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Administering immunizations safely requires competencies beyond that of routine medication administration. All nurses administering immunizations must possess the required knowledge, skills, and judgment to safely do so. Nurses comply with federal and provincial regulations, as well as with BC College of Nurses and Midwives’ (BCCNM) standards of practice and organization/employer policies, when administering immunizations. Your individual competencies may impact whether you can prescribe, dispense, compound, or administer immunizations in your practice.

All nurses are expected to use evidence-based information when educating clients or the public about immunizations. When engaging with clients and the public, nurses are accountable for identifying the effect of their own values, beliefs, and experiences about immunizations, recognizing potential conflicts, and taking action to meet the client’s needs.

Scope of Practice – Standards, limits & conditions

It is within the nursing scope of practice for nurses of all designations to administer immunizations with a client-specific order. It is also within the nursing scope of practice for nurses of all designations to administer immunizations within their autonomous scope of practice (i.e. without a client-specific order from an authorized provider) if:

  • They have the competencies
  • Adhere to BCCNM standards, limits and conditions
  • Follow employer/organizational policies

Before prescribing (RN and RPN only), dispensing, com​pounding, or administering immunizations, nurses must meet and follow certain limits and conditions.

Restricted activities that do not require an order: Immunizations

RNs are authorized to prescribe, compound, dispense or administer immunoprophylactic agents for the purpose of preventing disease (Schedule I & II drugs)  within their autonomous scope of practice (without an order)  as follows:

Immunization Type

Limits and Conditions

BCCDC identified immunoprophylactic agents 

  • Have the competencies outlined by BCCDC Immunization Competencies for BC Health Professionals
  • Follow BCCDC decision support tools in the Communicable Disease Control manual

Influenza

  • Have the competencies outlined by BCCDC Immunization Competencies for BC Health Professionals
  • Follow BCCDC decision support tools in the Communicable Disease Control manual

Pneumococcal

  • Have the competencies outlined by BCCDC Immunization Competencies for BC Health Professionals
  • Follow BCCDC decision support tools in the Communicable Disease Control manual

Travel immunizations

  • Complete BCCDC immunization competency course
  • Follow Canadian Immunization Guide and Canada Communicable Disease Reports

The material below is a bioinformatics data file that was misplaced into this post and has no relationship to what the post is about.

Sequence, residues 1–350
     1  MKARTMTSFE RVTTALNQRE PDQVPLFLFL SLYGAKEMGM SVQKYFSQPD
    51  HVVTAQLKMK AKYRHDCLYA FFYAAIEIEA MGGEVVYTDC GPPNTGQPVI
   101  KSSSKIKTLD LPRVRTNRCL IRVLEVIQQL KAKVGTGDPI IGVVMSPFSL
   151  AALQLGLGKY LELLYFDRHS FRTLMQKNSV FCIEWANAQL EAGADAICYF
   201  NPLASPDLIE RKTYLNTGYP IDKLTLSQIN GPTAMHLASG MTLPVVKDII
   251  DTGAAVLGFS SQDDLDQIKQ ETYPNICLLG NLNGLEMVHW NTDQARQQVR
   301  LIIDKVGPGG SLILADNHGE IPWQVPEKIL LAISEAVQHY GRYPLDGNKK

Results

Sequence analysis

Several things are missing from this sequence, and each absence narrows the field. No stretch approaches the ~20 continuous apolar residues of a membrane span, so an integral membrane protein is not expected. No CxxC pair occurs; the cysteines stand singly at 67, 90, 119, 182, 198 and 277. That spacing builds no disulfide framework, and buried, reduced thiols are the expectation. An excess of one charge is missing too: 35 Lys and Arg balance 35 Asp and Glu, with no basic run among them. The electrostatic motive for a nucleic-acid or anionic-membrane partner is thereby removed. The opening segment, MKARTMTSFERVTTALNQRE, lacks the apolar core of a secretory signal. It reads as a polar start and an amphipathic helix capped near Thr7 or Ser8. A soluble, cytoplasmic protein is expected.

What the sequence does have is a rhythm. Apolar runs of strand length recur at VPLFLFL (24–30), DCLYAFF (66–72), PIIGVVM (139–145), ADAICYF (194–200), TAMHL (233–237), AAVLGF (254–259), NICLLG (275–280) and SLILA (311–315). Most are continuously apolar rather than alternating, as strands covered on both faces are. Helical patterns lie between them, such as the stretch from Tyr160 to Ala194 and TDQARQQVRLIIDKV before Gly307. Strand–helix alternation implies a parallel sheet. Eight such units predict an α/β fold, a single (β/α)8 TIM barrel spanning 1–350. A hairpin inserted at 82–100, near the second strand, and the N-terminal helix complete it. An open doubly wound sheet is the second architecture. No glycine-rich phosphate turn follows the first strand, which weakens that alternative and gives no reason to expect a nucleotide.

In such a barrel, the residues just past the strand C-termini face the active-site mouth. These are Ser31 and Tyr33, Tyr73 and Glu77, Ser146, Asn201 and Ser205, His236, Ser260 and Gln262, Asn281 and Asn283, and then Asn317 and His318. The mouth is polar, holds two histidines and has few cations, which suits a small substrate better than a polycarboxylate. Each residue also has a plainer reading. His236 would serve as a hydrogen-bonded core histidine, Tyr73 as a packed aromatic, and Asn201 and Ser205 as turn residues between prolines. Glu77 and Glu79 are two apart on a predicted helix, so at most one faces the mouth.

• Complete additional education in travel health
  • Be employed, or on contract to an employer, or have a written collaborative agreement with an authorized prescriber

Experimental immunizations

  • Only compound and administer as part of a formal research program involving a physician
  • Complete BCCDC immunization competency course
  • Complete additional education related to the experimental vaccine
  • Follow established decision support tools

Post-sexual assault

Respiratory syncytial virus infection

  • Have the competencies set by the Provincial Health Services Authority
  • Follow decision support tools established by the Provincial Health Services Authority

Achieving Immunization Competencies

The BC Centre for Disease Control’s (BCCDC) education is the standard for assessment of immunization competencies. BCCDC offers the education online. The education has several parts:

  • Online Immunization Competency Course (available for any nurse)
  • Immunization Skills Checklist (may require additional support from your employer)
  • Ongoing competency refresher courses 

Nurses should assess their competencies regularly and refresh as needed.

See below for additional information about competence requirements by nursing designation:

I am a Registered Nurse

Administering immunizations is a restricted activity within autonomous scope of practice (‘without an order’) under the Nurse (Registered) and Nurse Practitioners Regulation. BCCNM requires RNs who autonomously prescribe, compound, dispense or administer immunizations to possess the competencies established by BCCDC and follow its decision support tools where indicated. RNs must also successfully complete the BCCDC immunization competency course regarding some immunizations. See table.

RNs providing immunizations are accountable and responsible for assessing their immunization competencies regularly and undertaking additional education as needed to maintain their competence.

Review the following standards:

  • RN Scope of Practice standards for limits and conditions on immunizations
  • Acting Within Autonomous Scope of Practice standard
  • Acting With Client-specific Orders standard 

FAQs

What additional education do I need in order to give the COVID-19 vaccine?
For nurses who will be administering only the COVID-19 vaccine, the BC Centre for Disease Control (BCCDC) is providing a condensed immunization competency education process. Please visit the BCCDC website for details.
For personal reasons, I don’t want to/or can’t have a flu shot. Will I lose my licence if I refuse?